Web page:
deeeight

I NEVER EVER EVVVVEEERRRR SHIP C.O.D.

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deeeight mattwragg's article
Feb 23, 2017 at 22:15
11 hours
Back to the Future: Rotwild RDH P1
@Apecush: You've never looked under a rally car or truck and seen how exposed much of the engine is have you ? Or even worked on just an ordinary car engine driven on roads for a long time. Well I have, and timing/accessory drive belts have no special covers or shielding to protect them from dirt/debris coming up from the underside. There's a reason all the best hand cleaners are sold in the automotive sections of stores. Working on engines is a very messy affair.
deeeight mattwragg's article
Feb 23, 2017 at 16:38
17 hours
Back to the Future: Rotwild RDH P1
@jflb: The belts are strong enough to rotate the water pump shaft, the power steering pump shaft, the alternator drive wheel, and often the A/C pump as well, which on most engines represent about a dozen horsepower of energy.
deeeight mattwragg's article
Feb 22, 2017 at 23:23
1 days
Back to the Future: Rotwild RDH P1
As I recall, the belt was actually taken from Pirelli's off-road parts line used on paris-dakar and baja 1000 desert racers which are exposed to a lot more abuse (heat, sand, rocks, water, mud, etc) than any mountain biker could throw at the thing.
deeeight mattwragg's article
Feb 22, 2017 at 23:18
1 days
Back to the Future: Rotwild RDH P1
"While this may look normal now, internal cable routing was virtually unheard of in 1996" Clearly a downside to an article written by someon only 34 is missing out on a whole decade when internal cable routing was everywhere in mountain biking. My first mountain bike in 1987 had it, and that was a low end model which had trickled the feature down from higher end bikes. It was around even earlier for road bikes.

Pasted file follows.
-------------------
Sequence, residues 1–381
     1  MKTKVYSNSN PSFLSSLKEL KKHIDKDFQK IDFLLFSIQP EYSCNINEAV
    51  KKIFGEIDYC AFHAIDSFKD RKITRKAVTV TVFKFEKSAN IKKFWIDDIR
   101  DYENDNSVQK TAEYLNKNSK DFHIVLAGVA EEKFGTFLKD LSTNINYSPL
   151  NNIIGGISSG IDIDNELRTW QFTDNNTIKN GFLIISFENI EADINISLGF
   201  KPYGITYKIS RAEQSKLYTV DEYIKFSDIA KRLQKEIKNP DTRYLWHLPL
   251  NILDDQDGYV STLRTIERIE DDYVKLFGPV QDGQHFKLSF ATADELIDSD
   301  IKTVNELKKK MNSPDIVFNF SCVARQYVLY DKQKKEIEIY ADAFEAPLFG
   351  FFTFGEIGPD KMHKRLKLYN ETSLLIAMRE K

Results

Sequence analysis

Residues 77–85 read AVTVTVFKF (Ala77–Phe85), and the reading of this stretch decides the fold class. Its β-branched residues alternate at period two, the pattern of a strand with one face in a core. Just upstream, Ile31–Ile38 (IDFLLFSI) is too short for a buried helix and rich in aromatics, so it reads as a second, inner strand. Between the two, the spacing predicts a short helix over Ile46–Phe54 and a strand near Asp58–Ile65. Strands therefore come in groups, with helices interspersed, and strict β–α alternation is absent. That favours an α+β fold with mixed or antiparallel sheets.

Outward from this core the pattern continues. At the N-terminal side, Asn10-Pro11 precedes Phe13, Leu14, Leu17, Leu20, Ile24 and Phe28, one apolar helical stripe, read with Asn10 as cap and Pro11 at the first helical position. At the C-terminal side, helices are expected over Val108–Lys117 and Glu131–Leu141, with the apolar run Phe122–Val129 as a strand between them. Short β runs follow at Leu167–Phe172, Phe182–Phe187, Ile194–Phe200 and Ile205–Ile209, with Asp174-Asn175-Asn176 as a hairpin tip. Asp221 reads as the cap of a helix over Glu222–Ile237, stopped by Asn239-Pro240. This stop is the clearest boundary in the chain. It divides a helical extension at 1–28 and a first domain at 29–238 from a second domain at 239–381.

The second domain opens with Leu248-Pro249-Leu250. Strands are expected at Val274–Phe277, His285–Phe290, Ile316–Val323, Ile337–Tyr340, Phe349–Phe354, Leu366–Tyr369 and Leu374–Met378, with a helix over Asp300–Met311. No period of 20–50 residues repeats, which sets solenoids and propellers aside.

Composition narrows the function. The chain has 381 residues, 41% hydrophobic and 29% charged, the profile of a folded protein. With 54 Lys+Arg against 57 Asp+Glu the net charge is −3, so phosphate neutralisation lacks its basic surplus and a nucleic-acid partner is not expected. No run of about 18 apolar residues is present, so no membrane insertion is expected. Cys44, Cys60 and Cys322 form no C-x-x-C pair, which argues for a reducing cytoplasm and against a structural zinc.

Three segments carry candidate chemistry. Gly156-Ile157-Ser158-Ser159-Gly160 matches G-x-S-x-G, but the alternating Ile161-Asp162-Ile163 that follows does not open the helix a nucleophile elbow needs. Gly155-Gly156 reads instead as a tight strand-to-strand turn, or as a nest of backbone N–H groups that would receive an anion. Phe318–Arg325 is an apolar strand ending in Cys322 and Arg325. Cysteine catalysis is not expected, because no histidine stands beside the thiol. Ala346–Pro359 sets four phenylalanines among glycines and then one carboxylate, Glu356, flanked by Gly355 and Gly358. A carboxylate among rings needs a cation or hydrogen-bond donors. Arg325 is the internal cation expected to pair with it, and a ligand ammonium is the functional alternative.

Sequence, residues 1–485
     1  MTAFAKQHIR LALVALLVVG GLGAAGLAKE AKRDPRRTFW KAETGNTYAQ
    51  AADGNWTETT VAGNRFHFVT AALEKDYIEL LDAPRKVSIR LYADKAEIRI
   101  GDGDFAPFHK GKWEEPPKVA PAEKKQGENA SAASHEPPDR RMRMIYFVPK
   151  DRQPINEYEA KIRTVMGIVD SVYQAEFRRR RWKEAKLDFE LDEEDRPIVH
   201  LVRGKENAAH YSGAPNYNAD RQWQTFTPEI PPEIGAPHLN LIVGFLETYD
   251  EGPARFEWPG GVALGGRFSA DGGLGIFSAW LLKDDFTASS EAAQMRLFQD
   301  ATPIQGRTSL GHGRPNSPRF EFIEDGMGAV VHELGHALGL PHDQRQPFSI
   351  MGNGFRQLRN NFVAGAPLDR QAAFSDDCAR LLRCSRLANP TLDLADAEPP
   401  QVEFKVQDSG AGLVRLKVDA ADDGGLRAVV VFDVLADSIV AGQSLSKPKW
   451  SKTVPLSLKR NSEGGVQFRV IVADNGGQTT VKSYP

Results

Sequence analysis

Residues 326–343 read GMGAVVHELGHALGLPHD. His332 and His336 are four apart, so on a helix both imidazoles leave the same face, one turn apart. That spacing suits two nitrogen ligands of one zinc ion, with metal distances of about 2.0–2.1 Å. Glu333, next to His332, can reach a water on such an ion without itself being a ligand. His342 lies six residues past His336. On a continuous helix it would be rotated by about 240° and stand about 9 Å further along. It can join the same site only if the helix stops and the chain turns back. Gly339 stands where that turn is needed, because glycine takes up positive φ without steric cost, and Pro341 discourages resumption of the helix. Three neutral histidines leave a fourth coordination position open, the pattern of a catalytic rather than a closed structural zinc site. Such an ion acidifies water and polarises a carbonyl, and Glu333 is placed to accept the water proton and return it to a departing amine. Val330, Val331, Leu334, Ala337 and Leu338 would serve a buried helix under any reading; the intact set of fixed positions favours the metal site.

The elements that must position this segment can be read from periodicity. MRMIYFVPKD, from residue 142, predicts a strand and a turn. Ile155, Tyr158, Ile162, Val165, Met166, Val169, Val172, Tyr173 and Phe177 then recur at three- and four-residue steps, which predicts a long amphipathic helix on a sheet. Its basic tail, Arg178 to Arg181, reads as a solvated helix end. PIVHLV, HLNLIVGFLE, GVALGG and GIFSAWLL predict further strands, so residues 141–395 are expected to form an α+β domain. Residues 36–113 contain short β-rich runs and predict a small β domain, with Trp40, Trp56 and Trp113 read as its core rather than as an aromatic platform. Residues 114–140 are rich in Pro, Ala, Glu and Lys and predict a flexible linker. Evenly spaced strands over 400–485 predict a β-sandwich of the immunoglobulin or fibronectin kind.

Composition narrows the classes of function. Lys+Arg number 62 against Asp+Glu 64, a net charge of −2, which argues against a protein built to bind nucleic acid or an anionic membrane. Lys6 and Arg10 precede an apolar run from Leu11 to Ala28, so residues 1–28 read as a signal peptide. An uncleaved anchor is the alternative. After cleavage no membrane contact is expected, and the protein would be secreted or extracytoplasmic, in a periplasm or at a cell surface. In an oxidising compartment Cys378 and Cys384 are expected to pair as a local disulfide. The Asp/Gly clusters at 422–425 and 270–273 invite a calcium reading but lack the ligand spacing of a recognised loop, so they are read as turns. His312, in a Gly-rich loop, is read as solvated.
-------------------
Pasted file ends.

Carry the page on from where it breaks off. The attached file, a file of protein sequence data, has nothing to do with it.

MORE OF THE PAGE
deeeight mikekazimer's article
Feb 21, 2017 at 10:38
3 days
Specialized Air Tool Blast Tubeless Tire Setter - Review
"likely safer than going the DIY route with an old fire extinguisher " Actually if its a Co2 fire extinguisher... you can't really be safer since it STILL functions as just that. You're just changing the hose & nozzle on them.
deeeight mikekazimer's article
Feb 21, 2017 at 10:29
3 days
Specialized Air Tool Blast Tubeless Tire Setter - Review
Because another brand did already and likely filed a patent for it.
deeeight RichardCunningham's article
Feb 14, 2017 at 14:17
Feb 14, 2017
Crankbrothers Highline Dropper Seatpost - Review
"Crankbrothers eliminated the need to remove bolts (and the resulting shower of specialty hardware) by slotting the back of the seatpost head." Oh yeah...copying a feature used on taiwanese made 2-bolt seatposts for twenty years is really innovative apparently to someone being paid to write a glowing review.
deeeight RichardCunningham's article
Feb 6, 2017 at 21:42
Feb 6, 2017
MRP Boost Adapter Kit for DT Swiss Wheels